Bill Muench of Kailua offered an essay on Kau Kau Corner, a 24-hour drive-in replaced by Coco's coffee shop in 1960. Coco's became a landmark in its own right at the intersection of Kapiolani and Kalakaua before being succeeded by the Hardrock Cafe.

Kau Kau Corner "was billed as 'The Crossroads of the Pacific' and had a huge road sign out front indicating how many miles and in which direction it was to all the world's big cities," Muench said.

"It was 'where it was at' before and after weekend dates to catch the flicks at the Waikiki or Kuhio. There was Don-in-the-Fishbowl, an evening DJ who broadcast live from a glass enclosure in the parking lot. He took dedications that were shyly scribbled on pieces of paper or napkins and passed to him."

Muench would usually dedicate a song to his date and that way, his parents, who would be listening at home ("no TV in those days") would know where he was.

"Kau Kau Korner was where the macho guys would go to show off their jalopies and end up drag-racing out at Sandy Beach. Deucers ('32 Ford coupes) and '55 Chevies ruled back then ... It was also a neutral zone for the rival high schools - almost," he said. "It was not the place for us Roosevelt guys to be after the big game with Punahou, however, at least until after 1956 when the Rough Riders finally won a couple."

By then, he had left Hawaii for military and college. "By the time I returned in '72 with a family of my own, Kau Kau Korner was gone."

Food also prompted Tax Foundation of Hawaii director Lowell Kalapa to think of the past. While Kapahulu Avenue is now known for restaurants, he recalls when it was an "Avenue of Bakeries."

Leonard's, the mainstay, started out as a "hole-in-the-wall" at Winam and Kapahulu before moving to Kapahulu/Charles, he said. But Bill's Bakery and the Snowflake Bakery - "How many remember this one?" - are gone, with a laundromat now at the latter location between Herbert and Castle streets," Kalapa said.

Closer to town, the Meadow Gold processing plant at Keeau-
moku and Beretania "used to be the site of the old Purity Inn, which had 'bays' for customers who wanted carhop service from some of the finest ice cream and soda," he said.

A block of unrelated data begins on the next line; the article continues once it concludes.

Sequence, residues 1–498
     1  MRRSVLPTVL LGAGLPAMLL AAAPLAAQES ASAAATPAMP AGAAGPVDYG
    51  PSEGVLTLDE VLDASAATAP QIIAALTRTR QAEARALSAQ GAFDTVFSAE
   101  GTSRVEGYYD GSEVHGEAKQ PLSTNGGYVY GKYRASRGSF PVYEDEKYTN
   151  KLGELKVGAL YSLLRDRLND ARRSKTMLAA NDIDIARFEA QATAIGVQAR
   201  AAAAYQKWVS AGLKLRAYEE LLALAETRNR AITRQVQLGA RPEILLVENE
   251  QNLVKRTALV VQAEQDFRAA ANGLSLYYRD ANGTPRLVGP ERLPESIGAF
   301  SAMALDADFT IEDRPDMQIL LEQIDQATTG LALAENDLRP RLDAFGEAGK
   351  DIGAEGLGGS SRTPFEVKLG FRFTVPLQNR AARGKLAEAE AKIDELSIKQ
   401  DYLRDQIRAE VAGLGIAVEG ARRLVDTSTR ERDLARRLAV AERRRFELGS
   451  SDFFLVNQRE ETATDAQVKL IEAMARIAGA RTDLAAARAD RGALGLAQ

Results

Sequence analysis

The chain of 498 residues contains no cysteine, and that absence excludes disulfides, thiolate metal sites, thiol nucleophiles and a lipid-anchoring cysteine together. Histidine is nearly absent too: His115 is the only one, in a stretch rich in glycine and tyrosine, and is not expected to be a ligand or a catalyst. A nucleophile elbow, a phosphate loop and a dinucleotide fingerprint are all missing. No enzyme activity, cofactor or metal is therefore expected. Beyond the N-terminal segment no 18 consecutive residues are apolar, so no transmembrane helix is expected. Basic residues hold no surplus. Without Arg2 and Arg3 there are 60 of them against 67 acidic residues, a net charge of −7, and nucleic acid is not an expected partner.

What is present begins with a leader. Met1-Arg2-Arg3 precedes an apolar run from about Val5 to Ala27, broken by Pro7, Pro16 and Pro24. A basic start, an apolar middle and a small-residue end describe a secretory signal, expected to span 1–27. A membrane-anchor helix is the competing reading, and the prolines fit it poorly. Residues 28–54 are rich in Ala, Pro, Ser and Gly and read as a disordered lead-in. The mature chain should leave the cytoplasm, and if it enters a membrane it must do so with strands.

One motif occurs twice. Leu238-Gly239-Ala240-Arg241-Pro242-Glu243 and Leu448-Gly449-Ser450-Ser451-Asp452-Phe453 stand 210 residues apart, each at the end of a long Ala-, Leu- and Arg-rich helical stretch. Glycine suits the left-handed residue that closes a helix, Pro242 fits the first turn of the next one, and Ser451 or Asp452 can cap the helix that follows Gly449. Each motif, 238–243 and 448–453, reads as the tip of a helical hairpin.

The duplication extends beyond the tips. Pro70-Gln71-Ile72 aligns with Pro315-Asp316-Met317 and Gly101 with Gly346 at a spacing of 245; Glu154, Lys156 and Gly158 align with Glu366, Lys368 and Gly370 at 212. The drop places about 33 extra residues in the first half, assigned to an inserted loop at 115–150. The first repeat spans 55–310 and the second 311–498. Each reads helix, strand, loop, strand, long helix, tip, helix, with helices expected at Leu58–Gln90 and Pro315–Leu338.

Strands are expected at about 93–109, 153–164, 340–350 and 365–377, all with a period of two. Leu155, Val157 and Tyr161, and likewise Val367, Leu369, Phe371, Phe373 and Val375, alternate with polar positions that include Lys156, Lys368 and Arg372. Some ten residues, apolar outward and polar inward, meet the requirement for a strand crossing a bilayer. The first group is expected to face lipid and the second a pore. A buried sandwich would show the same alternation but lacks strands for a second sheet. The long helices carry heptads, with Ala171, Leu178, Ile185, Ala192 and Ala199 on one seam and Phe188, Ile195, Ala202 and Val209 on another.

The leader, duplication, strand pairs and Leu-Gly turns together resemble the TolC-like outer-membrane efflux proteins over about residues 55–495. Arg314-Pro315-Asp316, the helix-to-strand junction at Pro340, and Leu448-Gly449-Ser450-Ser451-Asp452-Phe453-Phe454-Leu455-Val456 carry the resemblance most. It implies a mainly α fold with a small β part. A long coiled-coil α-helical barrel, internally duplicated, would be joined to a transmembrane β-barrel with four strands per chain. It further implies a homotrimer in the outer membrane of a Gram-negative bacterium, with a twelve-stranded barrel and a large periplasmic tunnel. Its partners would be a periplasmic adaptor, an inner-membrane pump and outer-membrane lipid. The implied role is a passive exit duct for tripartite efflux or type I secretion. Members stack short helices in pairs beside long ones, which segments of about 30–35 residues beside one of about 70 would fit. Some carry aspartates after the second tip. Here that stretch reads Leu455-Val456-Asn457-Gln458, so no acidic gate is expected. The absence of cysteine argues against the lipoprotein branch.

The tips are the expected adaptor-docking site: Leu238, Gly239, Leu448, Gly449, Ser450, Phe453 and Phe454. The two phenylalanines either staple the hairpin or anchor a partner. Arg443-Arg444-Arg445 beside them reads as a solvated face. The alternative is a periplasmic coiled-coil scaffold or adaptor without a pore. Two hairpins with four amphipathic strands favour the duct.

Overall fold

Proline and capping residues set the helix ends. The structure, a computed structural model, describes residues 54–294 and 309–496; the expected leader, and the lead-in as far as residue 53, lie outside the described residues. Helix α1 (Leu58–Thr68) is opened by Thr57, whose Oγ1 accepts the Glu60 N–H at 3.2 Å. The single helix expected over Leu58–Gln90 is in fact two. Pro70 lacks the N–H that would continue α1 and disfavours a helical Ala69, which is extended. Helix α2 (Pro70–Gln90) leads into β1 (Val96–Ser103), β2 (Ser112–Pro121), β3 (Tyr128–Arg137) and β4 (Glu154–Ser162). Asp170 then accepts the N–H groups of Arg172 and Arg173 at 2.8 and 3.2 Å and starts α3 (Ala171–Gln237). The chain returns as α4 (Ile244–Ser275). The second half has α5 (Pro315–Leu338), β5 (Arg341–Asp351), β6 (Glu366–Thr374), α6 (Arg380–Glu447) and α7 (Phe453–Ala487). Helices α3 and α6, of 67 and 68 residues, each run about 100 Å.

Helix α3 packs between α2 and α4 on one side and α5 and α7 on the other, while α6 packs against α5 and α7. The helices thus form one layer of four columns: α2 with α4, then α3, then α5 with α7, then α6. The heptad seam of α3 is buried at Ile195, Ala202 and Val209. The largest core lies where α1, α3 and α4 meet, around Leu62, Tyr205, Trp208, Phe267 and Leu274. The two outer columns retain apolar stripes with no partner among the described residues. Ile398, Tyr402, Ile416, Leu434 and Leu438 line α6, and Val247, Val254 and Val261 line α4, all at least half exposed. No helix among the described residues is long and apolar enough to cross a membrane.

"And who can forget that on the triangle where N. Beretania and N. King Street meet stood a three-story building decorated with gingerbread awnings that housed the famed Aala Pawnshop," said Kalapa, who at 47 doesn't seem old enough to remember all this. "Today it is Aala Park."

Before the Blaisdell Arena was built, the Civic Auditorium was the place to catch the big acts, recalls Michael K. Okamoto. In the '50s, he remembers seeing Roy Rogers there, and later, it was home to The Show of Stars, the Hawaii Chiefs professional basketball team, and roller derby and professional wrestling. The Civic was replaced by the American Security Bank Building, now the Interstate Building, on South King.

Okamoto also remembers that, before the Ala Moana Hotel was built, there was Tropics Restaurant, where he helped his father paint the interior (Kona/Mahu-
kona streets).

Of all the respondents, no one could top Harlin Young, who came through with nearly four pages of Honolulu history.

Among his memories: Beretania Follies ("first burlesque theater"), now Honolulu Tower condo, Maunakea and Beretania; Wally Yee's Carnival, Ala Moana Center, Kona Street; Kapiolani Drive In ("first drive-in theater in Hawaii"), in Pan Am Building area.

He also remembers the Sands restaurant, where an all-you-can-eat buffet cost $1.60. It sat where the Duke Kahanamoku statue now stands on Waikiki Beach. Kalapa goes further back, saying that the Sands was in the old English Tudor-style Spitzer home.

Young, 55, remembers catching the bus from St. Louis School (Class of '59) to downtown just to gorge on french fries drenched in ketchup from Swanky's, at Hotel and Bishop streets, where the International Savings Building sits.

"I'm an appraiser, so I know where things are," he said.

Many are personal memories. For example, his wife's grandfatherran the Kuapa Mullet Pond (Yong Fong Ltd.), dredged and developed by Henry Kaiser into Hawaii Kai. His aunt and uncle ran LeRoy's nightclub and restaurant, where the Bank of America (formerly Gold Bond Building) now stands on Ala Moana Boulevard. Young also recalls the old Ala Wai Canal boat ride concession on the McCully Street bridge (gone) and working at Everybody's Supermarket, now Kapiolani Shopping Plaza.